This city has converted an old steel mill into an arts center. Could Billings do something similar with their old Corette site? | Local news
As bankruptcy loomed, Bethlehem Steel did not readily give up the plant, said the company’s retired chairman Hank Barnette.
“We wanted to fix it, sell it, or shut it down. We had eight sites that underperformed, including Bethlehem, ”he said. “We spent $ 100 million upgrading Bethlehem and we didn’t sell it successfully so we had to shut it down.”
The company “could have put up a fence and walked away, but we chose to be a good citizen,” he said. Bethlehem Steel convinced lawmakers to amend the state environmental law so that the site can be covered, covered and expanded into one of the largest industrial wastelands in the country. Now it is on the right track to achieve UNESCO World Heritage status.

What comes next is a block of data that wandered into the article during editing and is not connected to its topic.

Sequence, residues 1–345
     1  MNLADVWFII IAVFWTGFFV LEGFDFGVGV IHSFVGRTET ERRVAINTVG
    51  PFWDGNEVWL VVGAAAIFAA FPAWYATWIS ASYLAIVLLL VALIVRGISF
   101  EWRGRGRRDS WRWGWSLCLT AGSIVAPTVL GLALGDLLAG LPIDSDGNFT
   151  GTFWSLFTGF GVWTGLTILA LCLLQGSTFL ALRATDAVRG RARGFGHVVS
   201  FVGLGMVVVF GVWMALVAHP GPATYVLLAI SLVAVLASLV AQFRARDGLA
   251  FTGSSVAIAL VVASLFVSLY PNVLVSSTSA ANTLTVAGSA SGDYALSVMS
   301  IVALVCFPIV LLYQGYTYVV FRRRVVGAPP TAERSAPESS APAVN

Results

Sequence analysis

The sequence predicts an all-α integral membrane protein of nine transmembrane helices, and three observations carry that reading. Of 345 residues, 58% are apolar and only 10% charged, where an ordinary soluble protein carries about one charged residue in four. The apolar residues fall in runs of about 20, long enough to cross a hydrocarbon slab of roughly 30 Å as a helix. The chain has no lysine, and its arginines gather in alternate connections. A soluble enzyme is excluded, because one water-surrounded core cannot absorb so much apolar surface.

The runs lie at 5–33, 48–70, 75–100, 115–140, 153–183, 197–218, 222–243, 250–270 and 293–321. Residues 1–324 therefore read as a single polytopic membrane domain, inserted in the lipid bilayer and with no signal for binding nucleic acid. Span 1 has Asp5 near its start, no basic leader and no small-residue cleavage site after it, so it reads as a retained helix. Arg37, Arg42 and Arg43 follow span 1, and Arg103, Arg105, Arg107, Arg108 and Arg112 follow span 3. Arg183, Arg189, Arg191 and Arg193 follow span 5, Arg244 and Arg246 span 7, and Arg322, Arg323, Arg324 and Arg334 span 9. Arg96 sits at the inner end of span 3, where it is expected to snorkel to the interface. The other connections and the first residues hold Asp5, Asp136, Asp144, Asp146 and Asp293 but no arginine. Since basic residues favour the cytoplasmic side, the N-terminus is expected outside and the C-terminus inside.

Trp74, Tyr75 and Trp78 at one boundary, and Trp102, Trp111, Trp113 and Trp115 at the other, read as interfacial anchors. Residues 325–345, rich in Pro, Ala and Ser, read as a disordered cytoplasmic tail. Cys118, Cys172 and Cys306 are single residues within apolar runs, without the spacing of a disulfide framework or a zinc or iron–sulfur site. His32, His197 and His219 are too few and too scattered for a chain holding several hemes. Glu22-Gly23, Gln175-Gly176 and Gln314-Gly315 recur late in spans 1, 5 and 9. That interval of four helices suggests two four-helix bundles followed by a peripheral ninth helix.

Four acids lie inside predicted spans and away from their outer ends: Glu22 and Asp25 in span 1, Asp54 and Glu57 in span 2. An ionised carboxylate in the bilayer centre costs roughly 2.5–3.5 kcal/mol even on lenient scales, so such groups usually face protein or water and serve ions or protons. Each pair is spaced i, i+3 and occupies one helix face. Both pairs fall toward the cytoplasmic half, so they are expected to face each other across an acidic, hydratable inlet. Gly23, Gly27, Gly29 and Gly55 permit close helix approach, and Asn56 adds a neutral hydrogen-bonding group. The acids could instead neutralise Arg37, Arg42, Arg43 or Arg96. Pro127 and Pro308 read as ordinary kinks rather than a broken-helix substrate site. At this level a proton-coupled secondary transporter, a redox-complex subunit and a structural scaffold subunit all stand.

“We were very fortunate that Bethlehem Steel stayed on, but it cost a lot of public money,” said Don Cunningham, who was Bethlehem Mayor at the time and is now President and CEO of Lehigh Valley Development Corp. is.
Forming a $ 750 million tax hike funding development was “a major risk,” he said. “We said to people, ‘We’re borrowing $ 50 million to build infrastructure and streetscape, and we have no way of paying back.’ It was a tough sale. “
But history, sweat, and pride were on their side.
“These blast furnaces are an icon,” said Darlene Heller, Bethlehem Planning Director. “Everyone knows them and wanted them to stay, and they are as beautiful as they are. As long as they are structurally sound, we will just let them be. “